Study Drills Down to the Neighborhood Level to Explore Social Determinants of Health for Kids with NAFLD
Before Sarah Orkin, MD, started kindergarten, her family moved from a lower-income neighborhood to one with better schools, more greenspace and readily accessible grocery stores. Looking back, she’s convinced that the move changed the trajectory of her life. Clinical experiences during her residency and fellowship deepened Orkin’s awareness of how a person’s neighborhood affects their overall well-being. Now, as a pediatric gastroenterologist and advanced nutrition fellow at Cincinnati Children’s, she is focusing her research efforts on the correlation between socioeconomic status and gastrointestinal disease.
In March 2020, Orkin was the first author of the first pediatric study to evaluate associations between social determinants of health and non-alcoholic fatty liver disease (NAFLD) and between community-level deprivation and liver disease severity. The study, published in the Journal of Pediatric Gastroenterology and Nutrition, included 878 patients under the age of 21 who were seen at the Cincinnati Children’s Steatohepatitis Center for histologically confirmed or presumed NAFLD between April 2009 and July 30, 2018.
The researchers used the Community Deprivation Index (CDI) to generate a standardized, composite score for each patient based on their neighborhood’s metrics of poverty, income, education, public assistance, housing and insurance status. The CDI, which was pioneered by Cole Brokamp, PhD, Division of Biostatistics at Cincinnati Children’s, uses census tract data to reflect the breadth and range of deprivation present in specific neighborhoods. The CDI is available for every census tract in the United States, and researchers at Cincinnati Children’s and other institutions are using it to understand the social and environmental conditions in which health and disease occur.
While the NAFLD study did not demonstrate independent associations between community deprivation and liver disease severity, it did suggest that NAFLD is widely distributed across the spectrum of socioeconomic deprivation. The researchers also noted that a higher CDI score may be correlated with earlier onset of liver disease.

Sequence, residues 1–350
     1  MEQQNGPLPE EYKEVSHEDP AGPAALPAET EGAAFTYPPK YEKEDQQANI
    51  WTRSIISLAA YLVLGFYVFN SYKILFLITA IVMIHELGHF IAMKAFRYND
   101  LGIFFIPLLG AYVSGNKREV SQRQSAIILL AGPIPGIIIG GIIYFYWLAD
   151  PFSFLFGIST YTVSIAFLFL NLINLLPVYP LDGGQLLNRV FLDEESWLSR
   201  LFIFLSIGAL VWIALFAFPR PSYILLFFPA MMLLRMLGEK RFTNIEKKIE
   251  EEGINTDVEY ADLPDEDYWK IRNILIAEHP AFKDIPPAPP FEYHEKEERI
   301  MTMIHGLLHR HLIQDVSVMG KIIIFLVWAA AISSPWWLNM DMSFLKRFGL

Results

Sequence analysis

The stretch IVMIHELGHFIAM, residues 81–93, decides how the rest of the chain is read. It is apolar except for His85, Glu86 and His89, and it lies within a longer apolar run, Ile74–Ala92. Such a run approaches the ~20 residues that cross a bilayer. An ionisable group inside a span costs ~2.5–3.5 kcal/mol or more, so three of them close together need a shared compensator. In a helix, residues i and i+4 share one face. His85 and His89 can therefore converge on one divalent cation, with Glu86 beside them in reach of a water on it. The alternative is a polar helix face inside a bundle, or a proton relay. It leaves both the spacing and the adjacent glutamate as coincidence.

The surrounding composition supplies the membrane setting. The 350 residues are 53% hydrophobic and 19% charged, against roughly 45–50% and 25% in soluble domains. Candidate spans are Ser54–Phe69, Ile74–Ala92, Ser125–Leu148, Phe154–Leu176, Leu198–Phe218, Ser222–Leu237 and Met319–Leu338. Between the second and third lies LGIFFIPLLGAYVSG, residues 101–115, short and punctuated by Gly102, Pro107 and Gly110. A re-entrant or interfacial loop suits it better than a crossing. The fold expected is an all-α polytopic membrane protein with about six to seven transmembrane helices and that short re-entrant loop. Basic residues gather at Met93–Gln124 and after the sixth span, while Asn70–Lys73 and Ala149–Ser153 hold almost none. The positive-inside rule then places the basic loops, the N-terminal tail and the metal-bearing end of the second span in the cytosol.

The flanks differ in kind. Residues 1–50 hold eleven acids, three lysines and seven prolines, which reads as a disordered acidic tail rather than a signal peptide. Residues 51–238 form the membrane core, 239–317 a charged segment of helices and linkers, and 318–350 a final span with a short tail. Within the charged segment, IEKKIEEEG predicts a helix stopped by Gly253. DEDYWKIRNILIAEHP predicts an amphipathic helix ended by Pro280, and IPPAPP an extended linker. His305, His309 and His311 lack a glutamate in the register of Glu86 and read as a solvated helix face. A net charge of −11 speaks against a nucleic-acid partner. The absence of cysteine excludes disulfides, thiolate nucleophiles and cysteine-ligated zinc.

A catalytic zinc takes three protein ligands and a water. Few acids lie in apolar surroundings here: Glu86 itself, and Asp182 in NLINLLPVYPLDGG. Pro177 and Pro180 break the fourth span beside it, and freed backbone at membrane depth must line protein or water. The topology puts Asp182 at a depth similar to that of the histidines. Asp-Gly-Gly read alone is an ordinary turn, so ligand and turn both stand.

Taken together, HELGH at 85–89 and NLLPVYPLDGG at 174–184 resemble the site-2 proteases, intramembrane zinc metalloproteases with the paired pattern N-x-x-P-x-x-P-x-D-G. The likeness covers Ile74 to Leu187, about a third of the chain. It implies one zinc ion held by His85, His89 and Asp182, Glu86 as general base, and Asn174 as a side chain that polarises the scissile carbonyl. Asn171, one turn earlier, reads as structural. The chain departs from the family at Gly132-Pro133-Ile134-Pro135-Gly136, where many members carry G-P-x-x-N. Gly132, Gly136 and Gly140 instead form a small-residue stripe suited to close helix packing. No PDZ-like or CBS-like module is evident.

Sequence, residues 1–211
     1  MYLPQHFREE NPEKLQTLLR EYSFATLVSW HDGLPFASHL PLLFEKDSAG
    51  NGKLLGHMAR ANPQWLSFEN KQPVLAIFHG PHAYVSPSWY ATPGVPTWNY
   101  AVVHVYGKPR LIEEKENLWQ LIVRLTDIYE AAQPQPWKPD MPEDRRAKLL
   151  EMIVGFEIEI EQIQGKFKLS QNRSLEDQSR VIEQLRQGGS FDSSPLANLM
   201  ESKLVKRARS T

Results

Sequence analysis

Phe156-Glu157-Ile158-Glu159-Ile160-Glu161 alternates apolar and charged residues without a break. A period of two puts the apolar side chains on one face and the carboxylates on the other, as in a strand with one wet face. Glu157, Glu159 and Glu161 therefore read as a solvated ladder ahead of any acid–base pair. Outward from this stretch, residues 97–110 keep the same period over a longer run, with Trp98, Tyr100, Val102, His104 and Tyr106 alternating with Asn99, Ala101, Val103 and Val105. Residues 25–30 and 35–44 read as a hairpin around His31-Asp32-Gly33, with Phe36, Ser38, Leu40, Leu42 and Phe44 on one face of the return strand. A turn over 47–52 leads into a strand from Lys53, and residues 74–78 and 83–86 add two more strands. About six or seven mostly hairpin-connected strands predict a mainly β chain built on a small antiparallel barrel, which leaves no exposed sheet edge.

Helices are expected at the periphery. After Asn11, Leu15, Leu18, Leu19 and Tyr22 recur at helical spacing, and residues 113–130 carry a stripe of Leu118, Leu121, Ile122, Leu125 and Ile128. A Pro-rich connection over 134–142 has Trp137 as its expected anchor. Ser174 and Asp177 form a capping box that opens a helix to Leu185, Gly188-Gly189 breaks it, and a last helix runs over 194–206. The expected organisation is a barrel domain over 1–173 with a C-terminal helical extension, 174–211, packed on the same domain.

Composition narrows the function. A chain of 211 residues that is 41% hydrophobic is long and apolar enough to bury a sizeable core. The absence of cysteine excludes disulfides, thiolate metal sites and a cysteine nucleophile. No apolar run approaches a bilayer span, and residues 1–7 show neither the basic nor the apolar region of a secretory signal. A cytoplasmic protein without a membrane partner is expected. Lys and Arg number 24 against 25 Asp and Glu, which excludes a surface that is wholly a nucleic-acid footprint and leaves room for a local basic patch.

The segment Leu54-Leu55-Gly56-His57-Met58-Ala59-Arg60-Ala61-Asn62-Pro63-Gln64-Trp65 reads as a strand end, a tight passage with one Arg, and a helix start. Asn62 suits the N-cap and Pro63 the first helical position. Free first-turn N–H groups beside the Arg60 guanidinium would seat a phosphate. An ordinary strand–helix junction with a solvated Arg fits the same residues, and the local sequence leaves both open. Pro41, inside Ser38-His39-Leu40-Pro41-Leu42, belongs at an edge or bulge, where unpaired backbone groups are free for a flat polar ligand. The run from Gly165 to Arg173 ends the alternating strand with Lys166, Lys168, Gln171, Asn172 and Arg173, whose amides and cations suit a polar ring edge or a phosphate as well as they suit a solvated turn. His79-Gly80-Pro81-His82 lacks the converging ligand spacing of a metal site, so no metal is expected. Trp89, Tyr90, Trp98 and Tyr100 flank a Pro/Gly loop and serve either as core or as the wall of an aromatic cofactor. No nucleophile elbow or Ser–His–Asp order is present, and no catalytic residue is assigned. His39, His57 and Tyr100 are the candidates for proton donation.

“Even though the study didn’t yield the results we expected, it did underscore some of the challenges of quantifying variables that drive disease processes and outcomes,” Orkin says. “Medicine is at the point where we have to understand the environmental and social determinants of health that affect individual patients. It’s messy, and the more you delve into the data, the more variables you see. This kind of research is important — kids are presenting with NAFLD at a younger and younger age, and we need to target therapies and utilize healthcare resources wisely to stratify patients by risk and decide who needs close follow-up and early interventions.”
Orkin has been with Cincinnati Children’s for six years, first as a general pediatrics resident and then as a clinical fellow in gastroenterology, hepatology and nutrition. She joined the GI Division as an instructor of pediatrics with a focus on clinical and academic nutrition. Orkin sees children with digestive diseases in a weekly clinic, a role that involves patient care and clinical research responsibilities. Her research and focus on nutrition are supported by a prestigious award from the North American Society for Pediatric Gastroenterology, Hepatology & Nutrition (NASPGHAN) Foundation.
A major focus of Orkin’s work as a junior faculty member will be studying how food insecurity and other environmental triggers may be drivers of liver disease. The project is funded in part by a pilot and feasibility grant from the Digestive Health Center (DHC) at Cincinnati Children’s. The DHC supports the research goals of faculty from 19 divisions in the Cincinnati Children’s Department of Pediatrics and eight departments at the University of Cincinnati College of Medicine. Since 2007, the program has distributed $2.43 million among 53 junior investigators, who subsequently attracted $74.3 million in extramural grant funding.
To learn more, contact Sarah Orkin, MD.